The federal financial watchdog Consumer Financial Protection Bureau is moving to roll back parts of a rule meant to protect Americans from predatory payday lenders.
The agency on Wednesday proposed rescinding an underwriting requirement that would force lenders to determine whether a customer is able to pay back loans. It also proposed to push back the date lenders must comply with the rule from this August to November 2020.
The announcement is the first big step by the consumer bureau’s new chief, Kathy Kraninger, and it’s a sign that she’ll carry on some of the efforts started by former acting director Mick Mulvaney to rein in the CFPB’s power.
The consumer bureau first said it would reconsider the payday lending rule under Mulvaney last year.
Mulvaney, who is now serving as White House acting chief of staff, had long been a foe of the CFPB, arguing as a South Carolina congressman that the agency had overstepped the boundaries established when it was created early in the Obama administration.
The consumer bureau said in a statement Wednesday that it was concerned that the underwriting requirement would make it too hard for consumers to access credit. Payday loans offer small amounts of cash and usually needs to be paid back in full whenever the borrower receives their next paycheck.
The banking industry supports the rollback the rule, claiming the burden on lenders to determine borrowers’ ability to repay is overly onerous.
“Allowing banks to operate in this space – subject to sound banking practices – will prevent bank customers from being forced to rely on less regulated and more costly sources of funds like online lenders, check cashers or pawnshops,” said Consumer Bankers Association president and CEO Richard Hunt in a statement.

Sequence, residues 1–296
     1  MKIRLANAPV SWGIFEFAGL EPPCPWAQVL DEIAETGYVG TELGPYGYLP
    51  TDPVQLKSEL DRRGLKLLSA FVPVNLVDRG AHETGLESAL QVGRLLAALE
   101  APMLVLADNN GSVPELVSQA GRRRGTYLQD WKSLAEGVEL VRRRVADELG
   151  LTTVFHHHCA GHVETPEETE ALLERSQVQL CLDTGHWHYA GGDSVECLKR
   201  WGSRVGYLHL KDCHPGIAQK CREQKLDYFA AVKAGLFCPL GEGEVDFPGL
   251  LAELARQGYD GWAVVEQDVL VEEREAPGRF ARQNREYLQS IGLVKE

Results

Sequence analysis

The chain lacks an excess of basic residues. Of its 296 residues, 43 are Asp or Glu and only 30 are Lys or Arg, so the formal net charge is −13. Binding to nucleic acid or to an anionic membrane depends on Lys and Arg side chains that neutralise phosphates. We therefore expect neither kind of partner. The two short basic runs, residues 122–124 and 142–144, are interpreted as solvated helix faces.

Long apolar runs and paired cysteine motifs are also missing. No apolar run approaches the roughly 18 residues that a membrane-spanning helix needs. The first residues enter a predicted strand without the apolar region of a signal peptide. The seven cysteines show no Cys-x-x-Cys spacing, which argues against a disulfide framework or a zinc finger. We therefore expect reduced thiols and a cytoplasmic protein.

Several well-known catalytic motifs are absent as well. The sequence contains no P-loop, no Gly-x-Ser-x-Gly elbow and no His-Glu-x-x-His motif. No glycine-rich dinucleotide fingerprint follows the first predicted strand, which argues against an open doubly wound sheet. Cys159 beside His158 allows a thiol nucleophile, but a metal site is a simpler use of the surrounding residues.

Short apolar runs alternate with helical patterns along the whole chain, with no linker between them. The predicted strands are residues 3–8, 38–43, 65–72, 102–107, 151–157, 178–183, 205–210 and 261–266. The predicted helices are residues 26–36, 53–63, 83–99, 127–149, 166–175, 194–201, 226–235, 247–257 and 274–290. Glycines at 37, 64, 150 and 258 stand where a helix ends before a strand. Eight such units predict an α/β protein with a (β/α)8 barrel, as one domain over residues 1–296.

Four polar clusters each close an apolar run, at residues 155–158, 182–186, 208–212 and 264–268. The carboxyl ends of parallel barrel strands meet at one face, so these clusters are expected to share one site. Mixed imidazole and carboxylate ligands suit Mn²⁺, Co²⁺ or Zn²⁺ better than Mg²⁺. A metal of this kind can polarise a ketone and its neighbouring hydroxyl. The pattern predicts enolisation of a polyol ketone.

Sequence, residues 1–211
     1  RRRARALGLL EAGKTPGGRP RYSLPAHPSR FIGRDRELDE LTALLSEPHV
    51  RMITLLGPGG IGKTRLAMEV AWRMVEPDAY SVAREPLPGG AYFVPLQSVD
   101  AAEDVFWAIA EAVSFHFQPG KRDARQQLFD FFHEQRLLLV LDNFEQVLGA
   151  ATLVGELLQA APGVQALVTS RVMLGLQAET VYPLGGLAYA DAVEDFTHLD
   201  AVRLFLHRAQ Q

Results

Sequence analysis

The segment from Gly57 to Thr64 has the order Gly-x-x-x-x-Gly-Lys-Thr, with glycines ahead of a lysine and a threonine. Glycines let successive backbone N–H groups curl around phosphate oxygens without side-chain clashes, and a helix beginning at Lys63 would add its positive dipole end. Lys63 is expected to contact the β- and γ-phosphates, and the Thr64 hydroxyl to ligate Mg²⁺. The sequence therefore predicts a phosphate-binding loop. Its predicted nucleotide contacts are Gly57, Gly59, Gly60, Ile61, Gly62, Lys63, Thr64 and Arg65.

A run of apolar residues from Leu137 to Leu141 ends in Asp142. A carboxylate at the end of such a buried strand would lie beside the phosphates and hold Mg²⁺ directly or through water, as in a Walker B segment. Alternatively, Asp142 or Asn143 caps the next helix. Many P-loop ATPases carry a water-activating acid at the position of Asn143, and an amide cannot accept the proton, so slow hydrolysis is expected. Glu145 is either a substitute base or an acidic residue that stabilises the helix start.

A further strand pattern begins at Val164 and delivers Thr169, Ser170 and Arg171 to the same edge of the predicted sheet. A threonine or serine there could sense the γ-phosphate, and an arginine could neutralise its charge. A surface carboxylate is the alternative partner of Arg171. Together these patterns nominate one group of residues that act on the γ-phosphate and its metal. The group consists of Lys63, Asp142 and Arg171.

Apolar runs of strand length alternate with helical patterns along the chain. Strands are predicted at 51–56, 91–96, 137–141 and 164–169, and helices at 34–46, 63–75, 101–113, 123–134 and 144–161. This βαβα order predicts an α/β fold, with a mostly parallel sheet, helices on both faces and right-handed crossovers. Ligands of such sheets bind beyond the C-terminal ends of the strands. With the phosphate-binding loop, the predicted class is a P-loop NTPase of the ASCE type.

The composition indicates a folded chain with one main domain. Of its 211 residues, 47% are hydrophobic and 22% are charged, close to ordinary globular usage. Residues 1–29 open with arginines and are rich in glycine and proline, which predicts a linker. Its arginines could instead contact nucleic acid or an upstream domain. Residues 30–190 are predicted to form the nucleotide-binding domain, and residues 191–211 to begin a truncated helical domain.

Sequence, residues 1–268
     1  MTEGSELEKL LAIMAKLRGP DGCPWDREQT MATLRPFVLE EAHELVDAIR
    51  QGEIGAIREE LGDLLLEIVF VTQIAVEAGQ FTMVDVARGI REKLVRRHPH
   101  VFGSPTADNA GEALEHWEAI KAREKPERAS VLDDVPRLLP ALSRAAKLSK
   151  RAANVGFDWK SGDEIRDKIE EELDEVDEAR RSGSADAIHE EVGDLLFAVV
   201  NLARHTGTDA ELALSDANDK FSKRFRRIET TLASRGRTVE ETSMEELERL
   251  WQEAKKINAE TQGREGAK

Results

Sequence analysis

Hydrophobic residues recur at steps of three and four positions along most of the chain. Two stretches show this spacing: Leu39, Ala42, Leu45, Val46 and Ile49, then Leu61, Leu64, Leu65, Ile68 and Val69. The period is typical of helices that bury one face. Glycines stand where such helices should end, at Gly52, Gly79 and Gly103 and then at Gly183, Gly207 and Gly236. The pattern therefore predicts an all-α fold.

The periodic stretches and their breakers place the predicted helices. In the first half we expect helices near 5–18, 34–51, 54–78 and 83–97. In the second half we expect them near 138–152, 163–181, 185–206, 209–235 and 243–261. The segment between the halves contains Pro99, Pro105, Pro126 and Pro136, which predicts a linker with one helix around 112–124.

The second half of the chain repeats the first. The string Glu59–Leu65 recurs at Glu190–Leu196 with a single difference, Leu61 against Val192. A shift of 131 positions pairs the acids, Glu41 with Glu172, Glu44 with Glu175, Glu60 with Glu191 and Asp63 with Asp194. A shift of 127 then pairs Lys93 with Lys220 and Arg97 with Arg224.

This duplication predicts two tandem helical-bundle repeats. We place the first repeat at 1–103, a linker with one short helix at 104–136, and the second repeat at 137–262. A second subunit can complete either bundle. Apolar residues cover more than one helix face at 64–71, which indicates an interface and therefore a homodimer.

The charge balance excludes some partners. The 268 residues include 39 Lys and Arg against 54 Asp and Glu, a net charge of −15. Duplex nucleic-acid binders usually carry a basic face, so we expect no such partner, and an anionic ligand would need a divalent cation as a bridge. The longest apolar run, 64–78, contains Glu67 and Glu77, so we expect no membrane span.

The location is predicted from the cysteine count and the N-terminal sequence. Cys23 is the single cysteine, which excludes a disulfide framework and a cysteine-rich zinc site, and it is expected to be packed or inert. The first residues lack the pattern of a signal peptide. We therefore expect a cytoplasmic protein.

But consumer groups say that rescinding the underwriting provision would essentially gut the protections offered by the rule.
A 2013 report completed by the Consumer Financial Protection Bureau found that payday loans can come with fees that amount to an annual percentage rate of more than 300%.
“What’s in place now is a moderate response to an abusive industry. But this industry doesn’t want moderate consumer protections. It wants none at all,” said Linda Jun, senior policy counsel at Americans for Financial Reform.
Kraninger, who was confirmed as director of the bureau late last year, hasn’t stuck by all of Mulvaney’s decisions. In January, she reversed his efforts to change the agency’s name to the Bureau of Consumer Financial Protection, the language used in its statute. Kraninger said the name change would be too costly to see through.
The bureau will accept comments on postponing the payday loan rule for 30 days and, separately, on rescinding the underwriting requirement for 90 days before making a decision.
“In the meantime, I look forward to working with fellow state and federal regulators to enforce the law against bad actors and encourage robust market competition to improve access, quality, and cost of credit for consumers,” Kraninger said.